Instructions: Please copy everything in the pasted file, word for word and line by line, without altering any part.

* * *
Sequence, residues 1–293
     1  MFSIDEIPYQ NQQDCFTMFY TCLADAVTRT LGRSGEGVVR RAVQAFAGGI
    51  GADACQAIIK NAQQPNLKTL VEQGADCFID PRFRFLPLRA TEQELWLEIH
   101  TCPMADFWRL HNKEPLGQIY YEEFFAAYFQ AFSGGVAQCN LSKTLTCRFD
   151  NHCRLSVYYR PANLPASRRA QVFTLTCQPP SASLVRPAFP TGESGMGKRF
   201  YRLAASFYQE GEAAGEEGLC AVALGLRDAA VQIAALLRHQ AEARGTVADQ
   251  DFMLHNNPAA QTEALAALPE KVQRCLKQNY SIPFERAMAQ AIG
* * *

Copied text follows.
Sequence, residues 1–293
     1  MFSIDEIPYQ NQQDCFTMFY TCLADAVTRT LGRSGEGVVR RAVQAFAGGI
    51  GADACQAIIK NAQQPNLKTL VEQGADCFID PRFRFLPLRA TEQELWLEIH
   101  TCPMADFWRL HNKEPLGQIY YEEFFAAYFQ AFSGGVAQCN LSKTLTCRFD
   151  NHCRLSVYYR PANLPASRRA QVFTLTCQPP SASLVRPAFP TGESGMGKRF
   201  YRLAASFYQE GEAAGEEGLC AVALGLRDAA VQIAALLRHQ AEARGTVADQ
   251  DFMLHNNPAA QTEALAALPE KVQRCLKQNY SIPFERAMAQ AIG